It was the first day of DMV Live, one of two big basketball recruiting events held in the DC area each summer and an event that will continue next weekend. In 2019, the NCAA opened a window for scholastic events in what is normally a month dominated by AAU basketball. Now in its third iteration, the event at DeMatha featured 32 private schools from Maryland and Virginia — but was open to schools from other states as well.
DC Live, a similar setup at Sidwell Friends, is staged for DC teams and Virginia public school teams.
“The biggest change this year is that the demand to get in is overwhelming,” said DMV Live director Marc Stern, who mentioned applications from high schools as far-flung as Colorado. “Logistically it’s just not possible to accommodate everyone.”
More than anything, these events are a place to watch and be watched. College coaches pepper the sidelines, each wearing his school’s gear so he can be noticed by the area’s best prospects. But coaches are not allowed to speak with players: NCAA rules limit them to contact by text or phone call during this time period.
“It’s a bit weird, not being able to talk to anybody,” Jackson-Reed star Robert Dockery said. “But I always see who’s here. I definitely notice.”
Sean Miller was among the many Power Five coaches present this weekend. Also spotted at either event: Harvard’s Tommy Amaker, Virginia’s Tony Bennett, Pittsburgh’s Jeff Capel, Miami’s Jim Larrañaga, Butler’s Thad Matta, Maryland’s Kevin Willard, Indiana’s Mike Woodson and Virginia Tech’s Mike Young.
Not every coach was there to scout the top prospects. Early Friday afternoon, Davis & Elkins’s Daniel Harris sat in the bleachers at Sidwell Friends munching on a granola bar as he watched Patriot take on Coolidge. Representing a small Division II program in Elkins, W.Va., the young assistant hopes to find players on the fringe of Division I talent and convince them to come about four hours west to the Mountain State.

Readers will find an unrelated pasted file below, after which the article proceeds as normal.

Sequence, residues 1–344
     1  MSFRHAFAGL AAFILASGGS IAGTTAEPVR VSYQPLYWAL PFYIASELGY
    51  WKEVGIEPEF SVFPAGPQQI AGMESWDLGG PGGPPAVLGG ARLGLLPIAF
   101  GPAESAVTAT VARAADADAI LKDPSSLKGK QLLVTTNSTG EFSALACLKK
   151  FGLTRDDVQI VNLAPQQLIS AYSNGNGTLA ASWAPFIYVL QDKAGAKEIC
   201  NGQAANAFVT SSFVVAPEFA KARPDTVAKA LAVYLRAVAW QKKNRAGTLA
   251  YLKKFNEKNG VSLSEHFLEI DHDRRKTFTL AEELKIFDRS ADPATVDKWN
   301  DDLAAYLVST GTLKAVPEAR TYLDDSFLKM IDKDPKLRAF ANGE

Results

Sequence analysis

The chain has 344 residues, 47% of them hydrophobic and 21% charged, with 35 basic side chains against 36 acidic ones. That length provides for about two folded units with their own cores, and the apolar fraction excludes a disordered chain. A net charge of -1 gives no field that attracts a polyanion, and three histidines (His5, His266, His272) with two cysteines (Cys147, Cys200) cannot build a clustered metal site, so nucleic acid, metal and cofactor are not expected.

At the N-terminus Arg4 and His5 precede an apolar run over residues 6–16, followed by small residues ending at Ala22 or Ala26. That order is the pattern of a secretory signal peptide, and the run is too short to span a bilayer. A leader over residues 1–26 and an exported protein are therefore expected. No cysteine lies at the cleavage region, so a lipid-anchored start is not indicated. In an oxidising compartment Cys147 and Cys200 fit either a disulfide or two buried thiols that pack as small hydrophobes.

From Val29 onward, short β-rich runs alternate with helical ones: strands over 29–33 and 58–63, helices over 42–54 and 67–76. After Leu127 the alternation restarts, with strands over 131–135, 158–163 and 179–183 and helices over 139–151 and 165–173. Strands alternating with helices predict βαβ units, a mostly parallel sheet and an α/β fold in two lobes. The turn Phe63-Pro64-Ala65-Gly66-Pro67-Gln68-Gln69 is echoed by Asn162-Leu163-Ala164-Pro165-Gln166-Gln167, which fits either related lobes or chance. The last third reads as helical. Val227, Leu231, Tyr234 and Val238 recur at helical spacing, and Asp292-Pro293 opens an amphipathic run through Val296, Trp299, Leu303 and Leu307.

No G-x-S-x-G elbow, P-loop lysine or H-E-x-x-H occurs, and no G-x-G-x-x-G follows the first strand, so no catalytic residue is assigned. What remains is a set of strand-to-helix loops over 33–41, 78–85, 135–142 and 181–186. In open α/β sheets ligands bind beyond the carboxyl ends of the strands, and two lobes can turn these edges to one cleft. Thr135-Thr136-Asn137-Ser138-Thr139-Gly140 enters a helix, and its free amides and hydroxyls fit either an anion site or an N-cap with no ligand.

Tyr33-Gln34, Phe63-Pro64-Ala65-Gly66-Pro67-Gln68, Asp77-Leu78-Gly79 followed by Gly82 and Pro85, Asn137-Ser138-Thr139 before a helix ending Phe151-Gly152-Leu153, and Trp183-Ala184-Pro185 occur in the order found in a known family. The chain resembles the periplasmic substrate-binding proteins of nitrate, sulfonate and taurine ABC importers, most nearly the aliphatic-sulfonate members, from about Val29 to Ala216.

“This is my first time [recruiting] in the DMV area actually,” Harris said. “The reputation of this area is that you can find anything that you want here. There’s plenty of Division I talent, but it’s more than that.”
Harris watches mostly for intangibles. He pointed out a player in the game before him and said he liked his length and athleticism. “Maybe he’s not a shooter or a playmaker right now,” Harris said. “But it’s about what we can see in two or three years. It’s all about potential.”
From the player’s perspective, all of that studying can have different effects. Arguably the most buzzworthy team of the weekend was Paul VI, which flaunted a bevy of new talent and depth as it blew past four tough opponents at DeMatha.
But, even within the Panthers’ roster, there is a range of emotions at a showcase like this. For rising senior DeShawn Harris-Smith, the top-ranked 2023 prospect in attendance, events such as DMV Live no longer create butterflies.
“It doesn’t bother me much anymore,” he said. “I don’t pay too much attention to the coaches; I just try to lead my team to a win. … [College] coaches want winners.”
Paul VI’s incoming freshmen, meanwhile, were thrown into the madness of DMV Live before they could attend a single day of high school.
“I was really nervous,” Anthony Brown Jr. said after his first game. “It probably took until the beginning of the second half to get comfortable. First half, you just keep thinking about how this is your first high school game. … The main goal is just to get better. I’ll get used to it.”
DMV Live continues Friday, Saturday and Sunday. Admission is $10.